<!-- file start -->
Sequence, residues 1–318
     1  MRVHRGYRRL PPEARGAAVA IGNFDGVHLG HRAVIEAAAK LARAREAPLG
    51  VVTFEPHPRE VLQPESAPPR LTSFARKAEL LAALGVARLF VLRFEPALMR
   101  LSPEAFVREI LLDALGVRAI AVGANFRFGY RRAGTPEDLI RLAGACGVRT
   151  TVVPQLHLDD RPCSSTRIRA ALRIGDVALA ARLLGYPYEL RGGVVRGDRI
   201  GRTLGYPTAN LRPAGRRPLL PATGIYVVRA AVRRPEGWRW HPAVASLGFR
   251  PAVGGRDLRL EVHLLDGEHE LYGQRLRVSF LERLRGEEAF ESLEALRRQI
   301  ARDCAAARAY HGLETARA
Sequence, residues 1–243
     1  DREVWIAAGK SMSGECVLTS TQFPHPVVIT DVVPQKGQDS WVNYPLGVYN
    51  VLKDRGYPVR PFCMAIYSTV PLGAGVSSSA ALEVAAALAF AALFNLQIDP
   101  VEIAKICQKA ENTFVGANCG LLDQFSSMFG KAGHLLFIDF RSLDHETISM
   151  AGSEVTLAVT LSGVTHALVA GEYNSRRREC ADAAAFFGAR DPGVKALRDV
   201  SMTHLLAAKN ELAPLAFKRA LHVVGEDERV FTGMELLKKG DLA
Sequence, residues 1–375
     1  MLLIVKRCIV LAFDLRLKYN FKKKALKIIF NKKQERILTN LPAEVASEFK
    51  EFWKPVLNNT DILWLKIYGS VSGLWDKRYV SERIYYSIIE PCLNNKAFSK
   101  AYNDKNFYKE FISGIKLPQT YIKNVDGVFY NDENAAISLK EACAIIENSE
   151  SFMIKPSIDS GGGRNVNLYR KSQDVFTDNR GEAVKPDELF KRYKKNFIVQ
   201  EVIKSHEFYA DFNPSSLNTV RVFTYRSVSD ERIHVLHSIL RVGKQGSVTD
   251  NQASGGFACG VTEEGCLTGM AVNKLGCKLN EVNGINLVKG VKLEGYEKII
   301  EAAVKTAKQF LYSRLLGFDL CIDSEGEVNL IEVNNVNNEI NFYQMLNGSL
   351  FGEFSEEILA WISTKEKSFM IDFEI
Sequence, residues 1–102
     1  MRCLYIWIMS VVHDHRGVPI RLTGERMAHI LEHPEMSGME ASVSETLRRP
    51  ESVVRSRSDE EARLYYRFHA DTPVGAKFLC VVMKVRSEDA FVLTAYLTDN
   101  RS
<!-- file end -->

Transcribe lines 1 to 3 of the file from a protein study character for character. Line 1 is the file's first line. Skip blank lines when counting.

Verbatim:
Sequence, residues 1–318
     1  MRVHRGYRRL PPEARGAAVA IGNFDGVHLG HRAVIEAAAK LARAREAPLG
    51  VVTFEPHPRE VLQPESAPPR LTSFARKAEL LAALGVARLF VLRFEPALMR